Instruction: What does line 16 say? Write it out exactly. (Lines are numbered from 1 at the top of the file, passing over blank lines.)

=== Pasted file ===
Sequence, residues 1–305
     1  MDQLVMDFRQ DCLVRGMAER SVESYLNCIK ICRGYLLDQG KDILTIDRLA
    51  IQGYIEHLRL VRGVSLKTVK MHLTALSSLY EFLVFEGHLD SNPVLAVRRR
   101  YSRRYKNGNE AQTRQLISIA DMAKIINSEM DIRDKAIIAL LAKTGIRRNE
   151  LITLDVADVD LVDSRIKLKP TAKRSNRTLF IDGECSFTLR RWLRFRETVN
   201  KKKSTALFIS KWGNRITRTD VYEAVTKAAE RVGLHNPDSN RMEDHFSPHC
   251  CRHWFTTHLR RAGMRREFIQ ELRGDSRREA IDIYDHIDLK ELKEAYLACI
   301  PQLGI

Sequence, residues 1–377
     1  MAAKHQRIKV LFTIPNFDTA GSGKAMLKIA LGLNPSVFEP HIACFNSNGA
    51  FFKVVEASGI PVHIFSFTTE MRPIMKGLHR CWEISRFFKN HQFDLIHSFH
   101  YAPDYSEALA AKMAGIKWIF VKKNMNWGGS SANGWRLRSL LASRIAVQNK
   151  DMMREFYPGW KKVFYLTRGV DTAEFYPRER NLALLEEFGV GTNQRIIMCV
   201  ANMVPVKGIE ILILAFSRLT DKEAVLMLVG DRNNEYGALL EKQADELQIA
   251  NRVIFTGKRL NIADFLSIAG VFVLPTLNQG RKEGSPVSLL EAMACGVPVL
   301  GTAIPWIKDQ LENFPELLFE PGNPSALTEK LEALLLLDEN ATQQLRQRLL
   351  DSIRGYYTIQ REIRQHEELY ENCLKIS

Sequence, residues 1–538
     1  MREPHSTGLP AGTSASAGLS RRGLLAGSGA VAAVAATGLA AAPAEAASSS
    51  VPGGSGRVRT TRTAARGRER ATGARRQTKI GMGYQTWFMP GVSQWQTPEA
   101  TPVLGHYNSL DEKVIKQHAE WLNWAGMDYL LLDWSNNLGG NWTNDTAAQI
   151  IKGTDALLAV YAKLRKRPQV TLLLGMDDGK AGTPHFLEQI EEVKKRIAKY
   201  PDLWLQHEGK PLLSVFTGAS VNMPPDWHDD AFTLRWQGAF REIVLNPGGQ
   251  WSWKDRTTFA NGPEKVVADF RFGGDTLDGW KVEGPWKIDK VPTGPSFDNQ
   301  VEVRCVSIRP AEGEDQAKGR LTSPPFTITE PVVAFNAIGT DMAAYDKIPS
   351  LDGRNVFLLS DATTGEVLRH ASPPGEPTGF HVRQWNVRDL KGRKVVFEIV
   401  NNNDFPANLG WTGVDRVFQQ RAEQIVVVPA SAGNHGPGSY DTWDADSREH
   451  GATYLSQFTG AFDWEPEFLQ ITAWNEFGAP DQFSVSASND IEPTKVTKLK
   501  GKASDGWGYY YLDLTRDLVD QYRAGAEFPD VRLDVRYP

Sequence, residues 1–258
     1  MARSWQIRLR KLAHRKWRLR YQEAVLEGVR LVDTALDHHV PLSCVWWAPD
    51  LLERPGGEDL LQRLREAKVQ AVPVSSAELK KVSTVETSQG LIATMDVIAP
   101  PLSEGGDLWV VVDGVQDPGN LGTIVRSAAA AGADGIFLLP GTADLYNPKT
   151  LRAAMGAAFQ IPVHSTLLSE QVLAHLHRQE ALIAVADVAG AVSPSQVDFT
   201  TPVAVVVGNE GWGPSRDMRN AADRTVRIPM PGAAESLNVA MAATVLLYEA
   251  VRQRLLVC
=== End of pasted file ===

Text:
   301  GTAIPWIKDQ LENFPELLFE PGNPSALTEK LEALLLLDEN ATQQLRQRLL